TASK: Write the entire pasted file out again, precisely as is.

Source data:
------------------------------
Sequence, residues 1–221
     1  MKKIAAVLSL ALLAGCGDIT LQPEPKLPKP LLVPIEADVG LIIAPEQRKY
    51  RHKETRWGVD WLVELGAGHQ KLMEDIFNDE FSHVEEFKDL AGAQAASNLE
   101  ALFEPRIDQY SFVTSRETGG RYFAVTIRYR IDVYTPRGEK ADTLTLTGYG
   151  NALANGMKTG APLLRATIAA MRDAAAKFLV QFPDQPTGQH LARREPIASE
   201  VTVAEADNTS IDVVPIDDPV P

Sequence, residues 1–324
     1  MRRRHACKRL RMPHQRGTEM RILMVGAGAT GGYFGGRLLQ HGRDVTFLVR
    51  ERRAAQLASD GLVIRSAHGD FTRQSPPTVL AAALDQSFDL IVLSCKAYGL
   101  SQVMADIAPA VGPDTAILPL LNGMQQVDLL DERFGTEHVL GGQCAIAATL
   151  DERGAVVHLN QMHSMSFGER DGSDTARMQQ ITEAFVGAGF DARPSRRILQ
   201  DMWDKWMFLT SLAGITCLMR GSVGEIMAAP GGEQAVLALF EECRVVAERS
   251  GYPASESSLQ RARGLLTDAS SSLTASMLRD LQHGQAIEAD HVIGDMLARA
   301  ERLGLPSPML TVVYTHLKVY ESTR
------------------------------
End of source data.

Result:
Sequence, residues 1–221
     1  MKKIAAVLSL ALLAGCGDIT LQPEPKLPKP LLVPIEADVG LIIAPEQRKY
    51  RHKETRWGVD WLVELGAGHQ KLMEDIFNDE FSHVEEFKDL AGAQAASNLE
   101  ALFEPRIDQY SFVTSRETGG RYFAVTIRYR IDVYTPRGEK ADTLTLTGYG
   151  NALANGMKTG APLLRATIAA MRDAAAKFLV QFPDQPTGQH LARREPIASE
   201  VTVAEADNTS IDVVPIDDPV P

Sequence, residues 1–324
     1  MRRRHACKRL RMPHQRGTEM RILMVGAGAT GGYFGGRLLQ HGRDVTFLVR
    51  ERRAAQLASD GLVIRSAHGD FTRQSPPTVL AAALDQSFDL IVLSCKAYGL
   101  SQVMADIAPA VGPDTAILPL LNGMQQVDLL DERFGTEHVL GGQCAIAATL
   151  DERGAVVHLN QMHSMSFGER DGSDTARMQQ ITEAFVGAGF DARPSRRILQ
   201  DMWDKWMFLT SLAGITCLMR GSVGEIMAAP GGEQAVLALF EECRVVAERS
   251  GYPASESSLQ RARGLLTDAS SSLTASMLRD LQHGQAIEAD HVIGDMLARA
   301  ERLGLPSPML TVVYTHLKVY ESTR